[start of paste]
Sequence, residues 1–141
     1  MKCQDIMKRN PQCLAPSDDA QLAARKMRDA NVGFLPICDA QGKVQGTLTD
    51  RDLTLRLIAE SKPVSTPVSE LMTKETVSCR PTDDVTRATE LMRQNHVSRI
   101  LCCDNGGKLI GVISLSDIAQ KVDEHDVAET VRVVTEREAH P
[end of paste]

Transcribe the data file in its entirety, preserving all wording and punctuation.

Sequence, residues 1–141
     1  MKCQDIMKRN PQCLAPSDDA QLAARKMRDA NVGFLPICDA QGKVQGTLTD
    51  RDLTLRLIAE SKPVSTPVSE LMTKETVSCR PTDDVTRATE LMRQNHVSRI
   101  LCCDNGGKLI GVISLSDIAQ KVDEHDVAET VRVVTEREAH P